With a GDP of over $409 billion, Bangladesh currently has the world’s 37th largest economy, and the size of the economy could have doubled by 2030. Even though the South Asian country has become one of the world’s largest and fastest-growing economies over the past few years. Nevertheless, many of its citizens have been attempting to reach Europe through irregular routes in their dreams of a beautiful life because the economic development could not reach the middle class and lower class levels.
However, Bangladeshi migrants opt to reach Europe to change their “social status,” and a large number of them take hazardous journeys when they see their relatives, neighbors, or acquaintances who have migrated to European countries enjoying a better life. Another trigger for the illegal migrations to Europe is that the limitations of legal routes, poverty, and the unemployment rate have made illegal migration necessary. Political and economic instability is motivating young people to migrate. Bangladesh has seen a rapid rise of the super-rich, while most of the population is left behind. Traffickers are using social media to lure potential victims of human trafficking. Political violence and lawlessness make life uncertain. Skilled workers can only get government jobs if they have a patron. Private companies often hire only students from elite universities, and because higher education itself is corrupt, students are often unable to get into schools and universities without bribes or political connections. Human trafficking, also known as labor migration, COVID-19, and climate change, for instance droughts, floods, and severe weather, have a significant role in causing irregular migration.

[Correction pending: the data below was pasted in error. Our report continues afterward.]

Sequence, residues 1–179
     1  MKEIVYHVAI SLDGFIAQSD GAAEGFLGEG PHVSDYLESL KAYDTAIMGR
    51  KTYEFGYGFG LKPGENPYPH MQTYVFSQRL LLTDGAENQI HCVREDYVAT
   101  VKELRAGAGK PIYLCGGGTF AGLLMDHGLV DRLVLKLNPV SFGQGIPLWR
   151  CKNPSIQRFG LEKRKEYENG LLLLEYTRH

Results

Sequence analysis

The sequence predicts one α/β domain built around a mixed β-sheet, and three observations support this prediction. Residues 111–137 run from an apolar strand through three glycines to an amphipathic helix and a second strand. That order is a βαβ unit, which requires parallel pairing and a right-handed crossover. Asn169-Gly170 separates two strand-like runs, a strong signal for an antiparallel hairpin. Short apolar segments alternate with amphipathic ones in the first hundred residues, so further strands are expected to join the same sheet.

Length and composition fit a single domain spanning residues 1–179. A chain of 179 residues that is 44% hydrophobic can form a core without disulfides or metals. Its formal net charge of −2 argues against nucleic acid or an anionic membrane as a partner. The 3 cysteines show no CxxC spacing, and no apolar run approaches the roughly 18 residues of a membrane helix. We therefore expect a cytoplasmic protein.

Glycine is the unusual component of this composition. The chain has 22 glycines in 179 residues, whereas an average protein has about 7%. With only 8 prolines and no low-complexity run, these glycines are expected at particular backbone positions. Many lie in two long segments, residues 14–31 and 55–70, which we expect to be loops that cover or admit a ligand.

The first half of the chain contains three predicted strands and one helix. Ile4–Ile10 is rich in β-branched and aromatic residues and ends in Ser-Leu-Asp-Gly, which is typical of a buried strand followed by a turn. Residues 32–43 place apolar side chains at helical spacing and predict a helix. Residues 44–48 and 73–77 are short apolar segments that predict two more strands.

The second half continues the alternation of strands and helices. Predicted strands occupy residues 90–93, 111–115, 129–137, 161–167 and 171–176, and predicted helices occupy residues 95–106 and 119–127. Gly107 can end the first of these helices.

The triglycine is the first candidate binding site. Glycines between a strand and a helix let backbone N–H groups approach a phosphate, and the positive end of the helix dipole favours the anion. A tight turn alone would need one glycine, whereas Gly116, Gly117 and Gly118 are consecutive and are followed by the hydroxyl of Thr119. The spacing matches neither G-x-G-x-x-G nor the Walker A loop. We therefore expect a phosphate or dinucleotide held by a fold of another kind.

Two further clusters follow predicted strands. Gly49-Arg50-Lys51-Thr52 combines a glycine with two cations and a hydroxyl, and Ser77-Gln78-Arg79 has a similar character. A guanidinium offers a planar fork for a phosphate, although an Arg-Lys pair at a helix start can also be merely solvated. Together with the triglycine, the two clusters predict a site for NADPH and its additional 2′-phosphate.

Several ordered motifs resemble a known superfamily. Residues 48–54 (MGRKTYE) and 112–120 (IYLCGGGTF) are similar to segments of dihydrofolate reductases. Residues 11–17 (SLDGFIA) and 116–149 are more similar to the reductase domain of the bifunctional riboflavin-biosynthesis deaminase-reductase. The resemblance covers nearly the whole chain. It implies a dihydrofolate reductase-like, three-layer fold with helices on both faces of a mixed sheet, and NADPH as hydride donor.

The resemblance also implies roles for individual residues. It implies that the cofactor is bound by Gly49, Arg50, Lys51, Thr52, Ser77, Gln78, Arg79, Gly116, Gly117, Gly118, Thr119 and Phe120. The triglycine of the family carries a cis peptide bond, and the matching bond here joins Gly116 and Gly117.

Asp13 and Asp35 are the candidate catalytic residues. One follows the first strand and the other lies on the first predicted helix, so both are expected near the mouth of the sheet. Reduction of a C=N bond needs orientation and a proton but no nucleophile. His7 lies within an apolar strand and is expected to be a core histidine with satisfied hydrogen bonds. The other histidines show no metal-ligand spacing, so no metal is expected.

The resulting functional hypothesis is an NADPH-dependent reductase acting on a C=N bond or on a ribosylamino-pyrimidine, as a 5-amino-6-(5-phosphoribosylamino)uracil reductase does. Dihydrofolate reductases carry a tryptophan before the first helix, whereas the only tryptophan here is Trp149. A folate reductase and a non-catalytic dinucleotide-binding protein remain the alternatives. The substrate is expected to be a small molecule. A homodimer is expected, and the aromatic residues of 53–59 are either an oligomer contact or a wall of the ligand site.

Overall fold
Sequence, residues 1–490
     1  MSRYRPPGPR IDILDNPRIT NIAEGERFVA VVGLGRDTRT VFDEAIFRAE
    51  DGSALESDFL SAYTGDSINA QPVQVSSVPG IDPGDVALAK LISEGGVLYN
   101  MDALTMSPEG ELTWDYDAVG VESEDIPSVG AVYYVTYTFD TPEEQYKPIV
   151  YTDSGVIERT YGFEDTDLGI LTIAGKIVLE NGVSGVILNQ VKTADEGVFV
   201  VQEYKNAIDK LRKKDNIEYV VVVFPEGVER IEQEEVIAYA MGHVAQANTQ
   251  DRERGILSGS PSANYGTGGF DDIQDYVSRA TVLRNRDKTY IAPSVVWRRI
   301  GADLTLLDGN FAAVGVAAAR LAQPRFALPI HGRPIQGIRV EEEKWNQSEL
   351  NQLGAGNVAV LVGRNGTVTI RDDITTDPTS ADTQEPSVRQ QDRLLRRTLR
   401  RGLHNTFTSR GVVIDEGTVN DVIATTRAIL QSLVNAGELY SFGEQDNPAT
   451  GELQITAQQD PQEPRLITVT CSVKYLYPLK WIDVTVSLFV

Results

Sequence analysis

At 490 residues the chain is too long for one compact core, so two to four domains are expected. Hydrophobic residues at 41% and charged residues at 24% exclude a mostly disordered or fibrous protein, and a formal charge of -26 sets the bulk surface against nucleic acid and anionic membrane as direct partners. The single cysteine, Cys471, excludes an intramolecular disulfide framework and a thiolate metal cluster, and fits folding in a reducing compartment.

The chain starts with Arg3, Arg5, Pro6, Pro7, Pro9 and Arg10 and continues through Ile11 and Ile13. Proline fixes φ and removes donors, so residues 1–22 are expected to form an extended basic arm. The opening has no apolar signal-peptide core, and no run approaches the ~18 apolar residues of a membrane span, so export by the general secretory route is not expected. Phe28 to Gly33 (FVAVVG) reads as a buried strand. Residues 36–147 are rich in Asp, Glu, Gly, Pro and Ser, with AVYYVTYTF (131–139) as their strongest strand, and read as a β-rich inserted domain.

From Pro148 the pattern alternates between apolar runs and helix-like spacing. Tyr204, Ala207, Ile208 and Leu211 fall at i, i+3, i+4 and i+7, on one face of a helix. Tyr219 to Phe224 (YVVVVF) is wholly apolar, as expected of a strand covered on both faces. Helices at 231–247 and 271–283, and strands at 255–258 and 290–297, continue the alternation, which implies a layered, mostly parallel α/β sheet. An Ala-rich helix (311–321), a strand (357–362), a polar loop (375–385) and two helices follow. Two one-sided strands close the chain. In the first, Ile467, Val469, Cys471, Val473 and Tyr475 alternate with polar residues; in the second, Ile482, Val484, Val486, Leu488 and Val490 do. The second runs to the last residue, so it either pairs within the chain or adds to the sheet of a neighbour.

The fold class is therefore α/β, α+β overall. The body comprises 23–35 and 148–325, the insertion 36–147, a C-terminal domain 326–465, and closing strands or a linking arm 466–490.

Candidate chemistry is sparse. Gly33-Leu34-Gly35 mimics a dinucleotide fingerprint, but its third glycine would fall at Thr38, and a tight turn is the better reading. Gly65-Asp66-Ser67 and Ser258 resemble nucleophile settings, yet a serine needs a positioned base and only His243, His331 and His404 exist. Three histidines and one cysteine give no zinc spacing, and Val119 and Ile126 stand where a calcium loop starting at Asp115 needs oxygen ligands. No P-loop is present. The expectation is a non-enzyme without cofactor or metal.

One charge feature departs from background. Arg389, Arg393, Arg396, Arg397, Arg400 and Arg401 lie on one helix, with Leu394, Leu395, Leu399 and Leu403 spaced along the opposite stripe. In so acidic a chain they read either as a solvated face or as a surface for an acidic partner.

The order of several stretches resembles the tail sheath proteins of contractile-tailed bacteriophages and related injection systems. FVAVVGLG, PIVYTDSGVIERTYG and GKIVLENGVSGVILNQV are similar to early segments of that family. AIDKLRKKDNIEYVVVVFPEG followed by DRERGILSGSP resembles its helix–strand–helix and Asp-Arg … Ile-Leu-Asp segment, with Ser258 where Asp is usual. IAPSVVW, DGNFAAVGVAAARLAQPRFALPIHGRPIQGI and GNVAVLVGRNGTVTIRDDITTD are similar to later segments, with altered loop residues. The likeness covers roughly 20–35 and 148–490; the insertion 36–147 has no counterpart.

Illegal migration is tarnishing the image of Bangladesh. For this reason, it is obligatory for the government to take indispensable actions to prevent it. Meanwhile, the European Union is pressuring Bangladesh to return its unauthorized migrants, threatening to impose a visa ban on Bangladeshi citizens unless the government takes steps to repatriate its citizens.
Therefore, to eradicate illegal migration, safe and regular migration must be expended, and inter-governmental actions should be conducted all year round to drive against traffickers. The government must facilitate and ease the legal migration process, train aspiring migrants with the required skills, and end the role of intermediaries in the migration process. The government must also put in place an effective monitoring mechanism to stop illegal migration and ensure inclusive growth to create more employment opportunities and fight rising poverty and inequality. Mass awareness is needed, so groups like teachers, the media, NGOs, politicians, mosque imams, and civil society have to play an active role in this regard.
The writer of this article is a student of the Department of Public Administration, Cumilla University
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Md. Sumon Ahmed